Context is everything. Though even with context it’s sometimes a struggle to make sense of what is going on. A transfer fee of around £260 million has been offered for footballer Kylian Mbappé. Saudi team Al-Hilal have offered his current club Paris Saint-Germain the staggering sum. Whether it goes through or not, a change is here. We’re now in the era of footballers valued in increments of billions rather than millions.
History has a curious way of tapping you on the shoulder when new history is being made. The Mbappé news came in the week Trevor Francis, England’s first £1m footballer, died. It feels a long way from £1m to a quarter of a billion. Though it is only a little over 40 years.
Of course, nobody is worth that amount, nor the staggering wages Mbappé would receive. But it has nothing to do with football. The future is tugging on Saudi Arabia’s sleeve. They see that a time will come when the world will no longer have the same reliance on oil. (Though who knows when. Will the devastating fires in Greece and Italy, the floods in Korea or the storms in the US finally accelerate positive change? Or will short-termism, as currently spoken by the two main political parties in the UK, knock things back?)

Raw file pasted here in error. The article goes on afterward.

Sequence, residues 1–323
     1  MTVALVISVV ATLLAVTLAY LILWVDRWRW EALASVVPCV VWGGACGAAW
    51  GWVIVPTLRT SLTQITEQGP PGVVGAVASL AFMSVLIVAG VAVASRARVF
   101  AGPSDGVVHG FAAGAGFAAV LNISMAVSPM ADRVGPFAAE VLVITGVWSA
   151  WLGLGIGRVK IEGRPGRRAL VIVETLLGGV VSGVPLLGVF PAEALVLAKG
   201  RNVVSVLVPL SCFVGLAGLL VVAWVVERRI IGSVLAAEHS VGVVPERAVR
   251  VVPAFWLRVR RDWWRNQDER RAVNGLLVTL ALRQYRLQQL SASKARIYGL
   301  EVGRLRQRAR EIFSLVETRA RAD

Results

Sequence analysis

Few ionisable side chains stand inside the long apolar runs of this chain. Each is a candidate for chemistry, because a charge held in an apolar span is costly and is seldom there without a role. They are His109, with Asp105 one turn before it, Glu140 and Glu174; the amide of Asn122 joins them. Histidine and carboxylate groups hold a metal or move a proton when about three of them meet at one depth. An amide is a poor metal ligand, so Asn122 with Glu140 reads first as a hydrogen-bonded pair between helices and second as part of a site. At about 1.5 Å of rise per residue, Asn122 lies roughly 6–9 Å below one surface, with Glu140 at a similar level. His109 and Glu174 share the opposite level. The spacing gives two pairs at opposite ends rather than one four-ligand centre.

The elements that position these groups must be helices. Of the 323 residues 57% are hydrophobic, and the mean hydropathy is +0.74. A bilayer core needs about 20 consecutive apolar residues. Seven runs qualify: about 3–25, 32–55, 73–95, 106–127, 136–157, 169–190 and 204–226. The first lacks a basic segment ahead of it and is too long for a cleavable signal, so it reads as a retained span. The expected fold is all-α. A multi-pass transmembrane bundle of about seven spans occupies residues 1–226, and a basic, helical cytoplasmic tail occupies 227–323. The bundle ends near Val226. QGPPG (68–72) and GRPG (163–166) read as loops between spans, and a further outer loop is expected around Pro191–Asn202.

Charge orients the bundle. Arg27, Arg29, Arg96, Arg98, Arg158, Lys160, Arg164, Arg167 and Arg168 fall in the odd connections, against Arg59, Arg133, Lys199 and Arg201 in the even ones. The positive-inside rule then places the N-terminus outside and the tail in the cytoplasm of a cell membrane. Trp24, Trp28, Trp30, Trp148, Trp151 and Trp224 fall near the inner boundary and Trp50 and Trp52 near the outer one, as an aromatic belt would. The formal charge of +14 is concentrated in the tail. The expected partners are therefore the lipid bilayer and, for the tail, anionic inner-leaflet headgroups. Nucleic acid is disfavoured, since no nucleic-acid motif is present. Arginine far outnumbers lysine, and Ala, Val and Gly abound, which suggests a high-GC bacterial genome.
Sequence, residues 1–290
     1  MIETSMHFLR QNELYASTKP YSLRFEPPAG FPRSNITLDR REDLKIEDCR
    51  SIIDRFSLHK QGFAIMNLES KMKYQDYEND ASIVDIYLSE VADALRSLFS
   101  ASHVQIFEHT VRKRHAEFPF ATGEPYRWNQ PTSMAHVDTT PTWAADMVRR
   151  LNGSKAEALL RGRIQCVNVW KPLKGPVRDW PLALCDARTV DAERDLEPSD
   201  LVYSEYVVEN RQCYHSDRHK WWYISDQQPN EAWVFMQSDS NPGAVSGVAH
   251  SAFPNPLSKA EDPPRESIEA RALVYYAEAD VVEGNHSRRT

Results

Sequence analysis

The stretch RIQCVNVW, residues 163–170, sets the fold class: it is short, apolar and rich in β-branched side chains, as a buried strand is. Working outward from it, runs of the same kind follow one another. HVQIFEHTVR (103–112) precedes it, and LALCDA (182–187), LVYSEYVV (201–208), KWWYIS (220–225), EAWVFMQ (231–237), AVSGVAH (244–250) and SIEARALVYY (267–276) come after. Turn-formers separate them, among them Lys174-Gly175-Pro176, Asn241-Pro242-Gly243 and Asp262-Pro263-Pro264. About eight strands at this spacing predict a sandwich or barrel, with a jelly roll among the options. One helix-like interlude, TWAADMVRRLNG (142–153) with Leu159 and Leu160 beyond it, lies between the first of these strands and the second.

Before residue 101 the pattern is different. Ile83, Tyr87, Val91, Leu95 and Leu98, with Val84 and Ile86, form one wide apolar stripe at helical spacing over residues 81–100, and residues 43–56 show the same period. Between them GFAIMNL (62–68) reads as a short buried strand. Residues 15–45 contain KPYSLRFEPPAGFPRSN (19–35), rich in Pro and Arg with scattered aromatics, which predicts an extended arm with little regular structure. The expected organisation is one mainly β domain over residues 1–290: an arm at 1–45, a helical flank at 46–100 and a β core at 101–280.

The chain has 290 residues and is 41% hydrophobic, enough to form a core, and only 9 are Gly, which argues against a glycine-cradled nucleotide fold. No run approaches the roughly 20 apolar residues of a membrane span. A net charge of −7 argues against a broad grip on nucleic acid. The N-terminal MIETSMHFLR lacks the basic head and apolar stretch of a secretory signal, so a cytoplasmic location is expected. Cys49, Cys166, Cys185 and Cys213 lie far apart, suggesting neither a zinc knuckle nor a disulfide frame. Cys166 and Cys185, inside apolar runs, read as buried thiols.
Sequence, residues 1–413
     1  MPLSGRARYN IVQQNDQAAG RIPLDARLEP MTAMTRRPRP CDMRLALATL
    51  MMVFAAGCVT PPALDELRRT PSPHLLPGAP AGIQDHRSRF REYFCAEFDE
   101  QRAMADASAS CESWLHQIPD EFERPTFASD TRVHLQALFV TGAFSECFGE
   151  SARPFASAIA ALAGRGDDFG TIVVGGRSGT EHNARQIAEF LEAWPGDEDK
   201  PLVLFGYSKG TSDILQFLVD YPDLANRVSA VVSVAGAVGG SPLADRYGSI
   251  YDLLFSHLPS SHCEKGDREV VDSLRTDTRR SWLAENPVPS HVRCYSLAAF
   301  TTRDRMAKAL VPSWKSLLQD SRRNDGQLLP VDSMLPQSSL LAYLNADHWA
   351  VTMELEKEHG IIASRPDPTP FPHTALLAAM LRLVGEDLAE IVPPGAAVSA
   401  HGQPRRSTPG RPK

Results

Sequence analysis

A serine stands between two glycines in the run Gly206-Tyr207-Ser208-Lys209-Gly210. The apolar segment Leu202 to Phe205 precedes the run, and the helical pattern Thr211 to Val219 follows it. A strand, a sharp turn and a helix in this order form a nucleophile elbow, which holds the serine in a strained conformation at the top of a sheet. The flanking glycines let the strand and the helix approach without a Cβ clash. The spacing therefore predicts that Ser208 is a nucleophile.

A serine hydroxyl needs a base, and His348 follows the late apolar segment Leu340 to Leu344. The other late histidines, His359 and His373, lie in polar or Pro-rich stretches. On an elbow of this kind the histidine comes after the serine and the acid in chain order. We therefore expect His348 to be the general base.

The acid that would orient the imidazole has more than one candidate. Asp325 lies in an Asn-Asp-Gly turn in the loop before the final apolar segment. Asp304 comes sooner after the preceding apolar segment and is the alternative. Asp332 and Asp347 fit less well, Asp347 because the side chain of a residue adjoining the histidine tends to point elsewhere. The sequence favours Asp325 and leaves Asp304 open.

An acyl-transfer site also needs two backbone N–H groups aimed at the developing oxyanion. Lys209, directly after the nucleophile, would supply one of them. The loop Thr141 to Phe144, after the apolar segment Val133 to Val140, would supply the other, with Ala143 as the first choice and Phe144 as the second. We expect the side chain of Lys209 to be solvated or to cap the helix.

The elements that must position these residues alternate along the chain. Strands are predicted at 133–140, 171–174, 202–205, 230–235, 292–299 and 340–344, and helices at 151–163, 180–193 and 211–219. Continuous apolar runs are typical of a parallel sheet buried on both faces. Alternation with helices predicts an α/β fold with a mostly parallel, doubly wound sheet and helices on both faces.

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If/when the global need recedes, the Saudis want to diversify and for their nation to be an international hub for sport. The sovereign Public Investment Fund, the money driving this change, is estimated to total £500bn. They could get a lot of Mbappés and a lot of golfers and lucrative overpriced boxing clashes and football clubs like Newcastle United for that amount. It’s about the same as Nigeria’s GDP, and higher than Denmark’s and Finland’s. It’s a chunky sum.
Leaving aside moral questions about the money paid for one player, or indeed the questionable human rights record in Saudi, should we be happy that because a possible alternative exists the burning of oil will fall back and so the positives for the planet will move forward?